This year we asked Millennium Fellowship alumni to share what SDG 17 (Partnership for the Goals) means to them. Over the coming weeks, Alumni will unpack what partnerships they leveraged to make their Social Impact work successful. They'll explore partnerships with their schools, peers, and communities, then share recommendations on how young people can create and navigate meaningful partnerships to power social change in their communities.
"It is noteworthy to mention that when we started this, most of us had little to no experience in running social impact projects, but here we were, drafting concept notes and proposals, pitching our ideas to leaders and titans of industries."
Partnership with Peers: The Dunia Bora Initiative, which began as a collective project of the Millennium Fellows at Moi University has been a journey and story inspired by the desire for transformation, a collective desire that weighs heavily on our generation.
Dunia Bora is a Swahili phrase, loosely translated to 'a better world for all'. When we embarked on the journey to creating social impact, we all had different and unique project ideas. We committed to do our best to leverage the platform, knowledge and mentorship that the Millennium Fellowship was offering. We also merged our project ideas to collectively create Dunia Bora.
By harnessing our collective synergies and unique passions, we managed to create an initiative we were all excited to get behind.
Our cohort was united by the same challenges and strengthened by the desire to find meaningful solutions. We noted that one of the greatest challenges in our was in the education sector.
Partnership with donors and supporters: We tried our hand in community partnerships by reaching out to different public and private sector stakeholders. Even as we made requests to institutions and potential donors, we ensured to offer value by suggesting to tackle specific challenges they faced internally. At Chepkoiyo Secondary School and Mkombozi Secondary School in Kenya's Uasin Gishu County, there was an acute shortage of learning materials, textbooks and toothpastes. The schools are both located along the Rift Valley region, where most water is saline with high salt levels concentration, so students' teeth were consistently browning. Anohter challenge was related to insecurity. Within local communities, residents informed us that during the electioneering period, politicians would often offer hand-outs to young high-school students to propagate violence.
We partnered with the local Unilever branch to help provide toothpaste and freshwater tanks, and Kenya's Independent Electoral and Boundaries Commission to donate civic and electoral learning materials, and offer training on the electoral process. The university also worked with us to ensure Millennium Fellows were offered consistent meeting spaces to facilitate our training sessions. The above-mentioned are just but a few of the partnerships that we leveraged in our project building.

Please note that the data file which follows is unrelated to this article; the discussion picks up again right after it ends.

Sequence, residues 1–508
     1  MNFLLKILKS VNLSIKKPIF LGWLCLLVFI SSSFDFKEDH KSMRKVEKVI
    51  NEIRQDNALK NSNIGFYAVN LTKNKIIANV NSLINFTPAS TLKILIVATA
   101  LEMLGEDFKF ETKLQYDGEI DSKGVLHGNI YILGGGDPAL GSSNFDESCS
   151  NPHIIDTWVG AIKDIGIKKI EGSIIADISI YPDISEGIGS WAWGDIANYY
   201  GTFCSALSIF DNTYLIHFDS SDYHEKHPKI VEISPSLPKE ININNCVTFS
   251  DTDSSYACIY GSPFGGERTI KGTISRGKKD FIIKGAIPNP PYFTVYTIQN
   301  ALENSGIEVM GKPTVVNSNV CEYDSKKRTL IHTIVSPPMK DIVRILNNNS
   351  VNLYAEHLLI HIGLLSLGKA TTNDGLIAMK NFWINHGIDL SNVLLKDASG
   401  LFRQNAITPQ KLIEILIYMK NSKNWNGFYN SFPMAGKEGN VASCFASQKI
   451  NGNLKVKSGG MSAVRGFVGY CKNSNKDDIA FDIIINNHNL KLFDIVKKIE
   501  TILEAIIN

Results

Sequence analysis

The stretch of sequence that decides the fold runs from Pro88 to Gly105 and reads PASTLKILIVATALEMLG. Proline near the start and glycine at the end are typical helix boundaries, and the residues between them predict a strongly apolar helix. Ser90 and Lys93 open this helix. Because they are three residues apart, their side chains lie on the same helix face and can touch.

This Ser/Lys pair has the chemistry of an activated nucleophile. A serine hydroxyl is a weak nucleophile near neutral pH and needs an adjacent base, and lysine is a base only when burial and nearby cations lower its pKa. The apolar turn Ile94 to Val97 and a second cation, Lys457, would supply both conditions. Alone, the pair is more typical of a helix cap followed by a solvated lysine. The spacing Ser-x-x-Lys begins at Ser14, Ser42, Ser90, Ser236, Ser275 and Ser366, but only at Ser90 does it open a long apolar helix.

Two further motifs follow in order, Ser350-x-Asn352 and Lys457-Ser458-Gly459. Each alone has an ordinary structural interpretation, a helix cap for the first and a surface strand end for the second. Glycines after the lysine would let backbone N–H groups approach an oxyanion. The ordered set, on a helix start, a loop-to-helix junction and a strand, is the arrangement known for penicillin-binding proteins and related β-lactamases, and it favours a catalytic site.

Reflections: In the spirit of honesty and truthfulness, when we started Dunia Bora, we had less wins than losses. We reached out to 20 potential partners, only 6 were eventually willing to work with us. Most potential leads turned us down with some promising to support us during their next financial year, while others didn't respond to our persistent outreach. We never expected a yes from everybody, but the rejections hit us harder than we expected.
Sometimes we had to make difficult decisions because great potential partners would ask for more than we could give. An organization was willing to donate urgently needed school supplies, but only under the condition that they could take pictures of the kids we supported to use on their websites. Our values and principles couldn't let us accept these conditions, so we turned down their offer.
In establishing our partnership with Unilever, we were directed to partner with their Heroes for Change group which was running a hand-wash and "brush brush" campaign. Heroes for Change donated over 30,000 pieces of toothpaste, valued at up to 2 Million Kenya Shillings. This small win was one of our greatest highlights in the course of this journey. We then held conversations with several officers of the Independent Electoral and Boundaries Commission( IEBC), eventually meeting with Jane Kingori who was the County Elections Manager, Uasin Gishu County. Jane was amazing in helping power our partnership. As a University student, she had dreamt of running social impact initiatives but said she didn't have a platform like the Millennium Fellowship which could nurture her dreams. She was therefore extremely eager to support us. Because of her endorsement, the commission donated a huge load of books and tree seedlings which we planted at local schools.
It is noteworthy to mention that when we started this, most of us had little to no experience in running social impact projects, but here we were drafting concept notes and proposals, pitching our ideas to leaders and titans of industries.
At first, all rejections hit us hard, and all our losses felt like failure. However the more we grew the more we began to appreciate the ups and downs of this process, understanding that in the world of social leadership there's no such thing as losing. Sometimes you win, other times you learn.
As we continue scaling our initiative, we wish to extend special thanks to the students we served, they made us understand the world and our role in it much better. Thanks to all institutions that came on board to work with us, and special thanks to those that didn't - they taught us important lessons in tenacity and perseverance. Lastly, very special thanks to the Millennium Fellowship team, the lessons we received as Fellows made us better leaders.